Transcript Staff Writer
MOORE -- For the second time in two years, Moore's school board has voted to call a public bond election to fund school construction projects.
The election, set for March 4, 2008, will earmark $69.9 million in school bonds to build two new elementary schools, a performing arts center at Moore High School and a gymnasium at Westmoore High School.
The schools would be the 22nd and 23rd for the 159-square-mile district and should be open in 2010 or 2011, officials said.
Monday's bond issue comes on the heels of an earlier proposal, approved by voters in February of this year.
That proposal, a $21.8 million bond issue, funded classroom construction, remodeling and renovation at several district schools and purchased new equipment. February's bond issue passed with a 73 percent "yes" vote.
Both proposals were needed, Moore superintendent Deborah Arato said, because of the district's rapid growth.
"Our school district and community continue to grow at a rapid rate," she said. "New commercial growth and continued availability of housing have made Moore Public Schools the third largest district in the state."
Arato said the district added more than 2,000 students in last four years, pushing its student population to 20,815.
"In 2006, we were designated the fastest growing 6A district in the state," she said. "We continue to grow by about an elementary school a year."
Current statistics, she said, show the district's student body increasing between 400 to 600 students each year. "The past five years, student growth has been very steady."
To accommodate that growth, Arato said the district needs to build two new elementary schools.
"In the fall of 2008, we'll open 15 new classrooms and our new Southmoore High School, which will help, but it's just a Band-Aid and won't solve the problem," she said. "That's why we want to build two new elementary schools."
One school would be on the southwest side of Moore, near the Eagle Heights Church and Portland Avenue. The second school would be constructed on Moore's southeast side, near 119th and Bryant.
"There are between 800 and 900 lots set to open on the southeast side of town in the next few years," Arato said. "Obviously we're not going to be able to accommodate those additional students without creating more classroom space. And the same problem exists on southwest side."
There, she said, the student population of the Wayland Bonds Elementary School has grown by 200 students, and "4,500 homes are platted and projected and many are already under construction."
In addition to elementary schools, the new bond issue would fund construction of a performing arts center at Moore High School and a new gymnasium at Westmoore High School.
"Westmoore's current gym is abysmally small," Arato said. "And there is not a meeting place in the school for the student body. It's been a problem for a long time, and this is just our first opportunity to address the issue."
Should the bond issue pass, Arato said the district would be able to fund the improvements without raising taxes. "We're projecting no tax increase, because some of our previous bond issues have rolled off the rolls."
M. Scott Carter 366-3545 firstname.lastname@example.org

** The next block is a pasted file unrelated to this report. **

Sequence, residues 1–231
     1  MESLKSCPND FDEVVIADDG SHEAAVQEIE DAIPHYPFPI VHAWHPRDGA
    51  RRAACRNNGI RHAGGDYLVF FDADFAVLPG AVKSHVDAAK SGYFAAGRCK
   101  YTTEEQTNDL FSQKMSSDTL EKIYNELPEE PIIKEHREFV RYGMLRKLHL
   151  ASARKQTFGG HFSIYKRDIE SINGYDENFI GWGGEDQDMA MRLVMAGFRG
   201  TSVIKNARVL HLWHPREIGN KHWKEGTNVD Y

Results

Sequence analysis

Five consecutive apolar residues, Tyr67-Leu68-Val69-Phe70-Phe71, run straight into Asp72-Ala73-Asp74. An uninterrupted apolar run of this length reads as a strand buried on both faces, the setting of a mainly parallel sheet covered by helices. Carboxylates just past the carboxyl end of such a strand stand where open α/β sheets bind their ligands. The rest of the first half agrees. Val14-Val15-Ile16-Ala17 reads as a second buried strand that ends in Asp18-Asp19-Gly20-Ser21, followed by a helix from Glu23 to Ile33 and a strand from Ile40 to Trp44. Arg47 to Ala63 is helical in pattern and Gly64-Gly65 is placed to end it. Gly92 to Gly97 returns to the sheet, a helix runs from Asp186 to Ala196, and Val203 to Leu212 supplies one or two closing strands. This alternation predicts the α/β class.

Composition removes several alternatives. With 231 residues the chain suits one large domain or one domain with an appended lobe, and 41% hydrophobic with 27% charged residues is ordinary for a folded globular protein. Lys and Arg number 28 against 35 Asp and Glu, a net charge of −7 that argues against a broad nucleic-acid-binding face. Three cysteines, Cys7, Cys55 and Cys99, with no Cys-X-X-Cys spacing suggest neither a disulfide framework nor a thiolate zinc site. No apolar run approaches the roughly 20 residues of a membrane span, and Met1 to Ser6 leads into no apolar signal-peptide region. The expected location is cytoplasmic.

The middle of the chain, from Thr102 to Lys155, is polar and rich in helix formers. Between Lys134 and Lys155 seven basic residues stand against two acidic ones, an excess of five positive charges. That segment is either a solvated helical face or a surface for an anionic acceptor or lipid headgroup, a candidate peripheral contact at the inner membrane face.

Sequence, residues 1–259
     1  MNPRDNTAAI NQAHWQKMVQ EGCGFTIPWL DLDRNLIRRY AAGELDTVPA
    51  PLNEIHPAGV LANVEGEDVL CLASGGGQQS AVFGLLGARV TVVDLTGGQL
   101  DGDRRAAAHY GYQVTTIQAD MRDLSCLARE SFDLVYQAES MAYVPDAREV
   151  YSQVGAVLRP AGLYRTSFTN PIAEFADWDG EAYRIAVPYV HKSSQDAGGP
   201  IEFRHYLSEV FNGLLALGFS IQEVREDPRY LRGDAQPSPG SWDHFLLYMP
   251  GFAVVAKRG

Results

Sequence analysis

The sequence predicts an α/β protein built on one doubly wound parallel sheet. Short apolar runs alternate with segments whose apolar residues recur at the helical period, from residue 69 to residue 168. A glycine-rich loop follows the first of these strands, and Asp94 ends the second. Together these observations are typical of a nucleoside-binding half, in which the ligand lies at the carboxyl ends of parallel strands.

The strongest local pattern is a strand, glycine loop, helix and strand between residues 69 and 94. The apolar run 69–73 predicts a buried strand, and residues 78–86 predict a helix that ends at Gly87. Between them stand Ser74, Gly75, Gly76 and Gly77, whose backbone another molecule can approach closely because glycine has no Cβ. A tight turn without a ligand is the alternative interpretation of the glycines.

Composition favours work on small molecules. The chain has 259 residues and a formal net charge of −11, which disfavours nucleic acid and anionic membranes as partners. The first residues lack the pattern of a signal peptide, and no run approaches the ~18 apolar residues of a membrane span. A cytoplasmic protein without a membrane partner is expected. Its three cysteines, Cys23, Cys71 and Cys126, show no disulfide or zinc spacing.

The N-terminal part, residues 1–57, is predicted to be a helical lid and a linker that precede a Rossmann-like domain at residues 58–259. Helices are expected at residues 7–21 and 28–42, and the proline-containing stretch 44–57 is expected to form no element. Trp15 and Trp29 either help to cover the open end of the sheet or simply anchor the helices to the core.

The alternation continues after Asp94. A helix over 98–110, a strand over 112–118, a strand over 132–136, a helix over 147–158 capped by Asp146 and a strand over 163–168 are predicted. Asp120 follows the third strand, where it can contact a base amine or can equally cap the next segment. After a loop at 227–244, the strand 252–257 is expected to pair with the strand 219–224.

Transcript Staff Writer
- Local news
Moore open for business
Until an EF-5 tornado carved a path through the economic core of Moore on Monday, sales tax generated more than $2 million each month. In addition to damages, closed roads and utility outages forced many businesses to shut their doors. ...
Sharing stories of survival
MOORE — As Monday’s EF-5 tornado moved closer to Plaza Towers Elementary School, teacher Justin Ayers knew they were in its path. Ayers said all of the teachers at the site likely knew what was coming from television reports and they had ...
5-year-old girl finds silver lining
A twist of fate and the discovery of a cochlear implant from a Moore hospital damaged by Monday’s EF-5 tornado are part of the story of a precious 5-year-old girl. In December, Jayde Scholl was adopted by Tulsa audiologist Jacque Scholl. ...
Tornadoes impact family twice
On May 3, 1999, Sherrie Lambert’s sister Esther Coburn, 35, was killed by the devastating EF-5 tornado in Moore....
How to help: Community challenge
Central Oklahoma Habitat for Humanity is challenging the community to provide long-term aid for storm victims by contributing to efforts that will provide many of these Oklahomans with homes....
Hotels team up to house influx of tornado victims
Norman hotels are used to big crowds. Whether it’s the extended family of every graduating senior at OU or tens of thousands of visiting Sooner fans, Norman always finds a way to house them....
Debate over mandatory school shelters looms
When it comes to making sure that school kids have access to tornado shelters, Oklahoma’s state government has kept its distance....
Moore Public Schools suffer $45M in damage
Moore Public Schools incurred more than $45 million in damage due to Monday’s EF-5 tornado, according to preliminary estimates, a school official said....
Family shelter saves 11 lives
MOORE — Ronnie and Sally Horn built their retirement home 15 years ago. It was a vision of comfort set against a wooded background. The yard was well manicured. The picket fence was white. The pond out back was as clear as any in Oklahoma. ...
OU ready to keep victims all summer
Juan Flores moved into the Walker Center dormitory Wednesday at the University of Oklahoma. He was shown to his new room, pre-furnished with a bed, desk and closet. He spent his first evening watching football on one of the communal TVs in ...
- More Local news Headlines
- Moore open for business